But there are some easy steps you can take to make sure that your flock survives even the coldest of winters.
On this page you'll find links to information about how your flock will cope in the cold, and some recipes for winter-friendly treats that they'll gobble up.
So when the first frosts start, or when the first flakes of snow begin to fall in your chicken run, this page is the place you'll want to be. Here, I cover some controversial topics - like:
If you don't have enough time to read everything now, feel free to pin this image so you have it there to come back to when you need it.
Scroll down to see all the different topics, then click on any of the headlines or images to go to that page.
"Should I heat my chicken coop?" is one of the questions I'm most often asked about caring for chickens in winter.
In this article, you'll learn why it's not necessary to heat your coop artificially, even in the coldest of weathers - and why it can actually damage your flock.
I outline 12 simple, inexpensive ways to keep your chickens warm and safe - without resorting to the potential dangers of fire in the coop.
Chickens can mostly keep themselves nice and warm during even the coldest of snaps. But their extremities - comb, wattles and feet - can be susceptible to frostbite.
In this article you'll find all you need to know about how to spot the symptoms, why it happens, when your flock is suffering, how to treat it and how to prevent it in the first place.
Don't let your flock suffer this winter - take steps to say "no" to frostbite, now!
Did you know that the size of the roosts you use in your coop can help protect your chickens from frostbite?
Chicken keep their feet warm by hunkering down over them at night, covering their toes with downy feathers. If your roosts are too narrow, their natural heating systems won't work.
Make sure you know the ideal measurements of a roost to keep your flock's toes safe in winter with this article.
When nights start drawing in and hens slow down - or stop - laying eggs, there's a temptation to add lighting to the winter coop.
But is it advisable? And if so, what kind of light is best?
This article looks at the pros and cons of having light in the coop, and reviews the scientific evidence about whether or not is does damage to the chicken.
Between moulting and re-feathering, dealing with the cold and not being able to forage so well when the ground is hard and covered in snow (or like a bog - cold and wet - ugh!) your flock will thank you for a few choice treats to help them on their way.
These treats should not be given in place of the flock's regular food - too much protein can damage their system - but they're fine to be fed two or three times a week.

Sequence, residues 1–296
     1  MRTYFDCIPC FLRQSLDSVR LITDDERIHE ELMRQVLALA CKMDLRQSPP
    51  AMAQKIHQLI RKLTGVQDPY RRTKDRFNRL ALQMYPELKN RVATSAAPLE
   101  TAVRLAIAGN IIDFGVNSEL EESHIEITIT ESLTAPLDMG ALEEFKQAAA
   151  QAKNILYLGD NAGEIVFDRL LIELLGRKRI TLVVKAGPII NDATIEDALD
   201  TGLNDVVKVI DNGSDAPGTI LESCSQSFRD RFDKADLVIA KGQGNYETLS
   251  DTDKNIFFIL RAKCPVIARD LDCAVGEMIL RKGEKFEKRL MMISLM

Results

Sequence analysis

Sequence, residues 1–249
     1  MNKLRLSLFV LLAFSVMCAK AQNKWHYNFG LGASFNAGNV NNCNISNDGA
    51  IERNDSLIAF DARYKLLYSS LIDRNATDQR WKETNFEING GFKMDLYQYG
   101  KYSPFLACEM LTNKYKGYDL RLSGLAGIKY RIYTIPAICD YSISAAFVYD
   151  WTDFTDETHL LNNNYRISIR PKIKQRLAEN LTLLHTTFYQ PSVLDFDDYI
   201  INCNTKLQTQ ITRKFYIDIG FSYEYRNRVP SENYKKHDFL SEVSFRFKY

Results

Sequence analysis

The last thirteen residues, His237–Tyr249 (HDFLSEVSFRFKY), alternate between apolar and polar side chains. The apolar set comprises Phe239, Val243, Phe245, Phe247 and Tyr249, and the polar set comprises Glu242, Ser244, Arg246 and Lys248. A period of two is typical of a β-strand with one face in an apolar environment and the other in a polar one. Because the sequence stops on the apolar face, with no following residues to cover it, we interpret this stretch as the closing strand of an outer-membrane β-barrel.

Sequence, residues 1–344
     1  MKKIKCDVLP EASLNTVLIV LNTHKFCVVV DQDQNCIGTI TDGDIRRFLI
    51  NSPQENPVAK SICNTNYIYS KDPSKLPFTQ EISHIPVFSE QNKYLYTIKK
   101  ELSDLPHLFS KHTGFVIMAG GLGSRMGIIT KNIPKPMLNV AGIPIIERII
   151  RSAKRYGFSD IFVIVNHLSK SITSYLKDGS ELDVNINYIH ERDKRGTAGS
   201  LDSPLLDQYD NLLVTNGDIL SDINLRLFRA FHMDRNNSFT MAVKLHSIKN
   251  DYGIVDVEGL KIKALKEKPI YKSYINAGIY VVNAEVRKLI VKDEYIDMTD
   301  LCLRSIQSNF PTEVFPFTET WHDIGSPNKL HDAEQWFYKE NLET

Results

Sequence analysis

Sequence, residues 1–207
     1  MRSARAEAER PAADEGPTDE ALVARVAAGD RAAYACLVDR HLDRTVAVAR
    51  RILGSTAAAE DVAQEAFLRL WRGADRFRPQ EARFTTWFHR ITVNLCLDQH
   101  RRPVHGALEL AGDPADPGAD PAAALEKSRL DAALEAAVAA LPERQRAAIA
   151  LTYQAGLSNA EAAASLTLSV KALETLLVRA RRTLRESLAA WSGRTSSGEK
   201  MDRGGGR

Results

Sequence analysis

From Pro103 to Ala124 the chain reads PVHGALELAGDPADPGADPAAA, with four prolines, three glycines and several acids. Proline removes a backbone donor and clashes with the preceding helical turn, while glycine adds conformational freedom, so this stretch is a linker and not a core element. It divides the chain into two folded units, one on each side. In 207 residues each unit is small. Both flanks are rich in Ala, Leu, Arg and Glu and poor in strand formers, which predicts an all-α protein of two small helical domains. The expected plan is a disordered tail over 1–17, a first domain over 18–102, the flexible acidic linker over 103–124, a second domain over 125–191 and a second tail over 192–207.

In this article you'll find ten of the best high protein treats for your chickens, and properly researched information about why they're so good.
So you know all about what makes for a healthy, high protein treat for your chickens in the winter months. But how do you feed them?
One possible option is to make this high protein platter. It combines several ingredients into a tasty dish your chickens will beat a path to your door for!
This is just one possible combination. the great thing about this recipe is that you can mix and match. No garden peas? No problem! Substitute a small can of sweetcorn instead!
A great favourite with my flock during cold Italian winters - and I know your chickens are going to love it just as much!
Why is garlic beneficial to chickens? At what age can it be given? And how much is enough?
This article deals with all the proven benefits of feeding garlic to chickens, particularly in the winter months when the immune system needs a boost.
It also covers whether to feed fresh or powdered garlic, whether fresh should be cooked or raw, and how it is best delivered.
If you want a sure-fire way of keeping your flock healthy this winter, this article is for you.
Fermentation can sometimes be made to sound far more complicated than it really is.
The one thing that's not in doubt, though, is that it's an excellent source of nutrients for chickens, helping to boost their immune system and so prevent any winter-related illnesses which might otherwise affect chickens eeling the effects of the winter cold.
If you've always wondered whether or not fermenting is good for your flock, this is an article you should read.
And then, of course - start fermenting today!
Chickens actually do much better in the cold months than in the heat of the summer, and each season has its own issues. So how to look after your flock right through the year is critically important.
This series of articles look at chicken care during every month. Each has a total of 20 easily managed tasks to be completed before the month is out.
Joining my twice-monthly newsletter means you will also benefit from a free downloadable checklist for each month.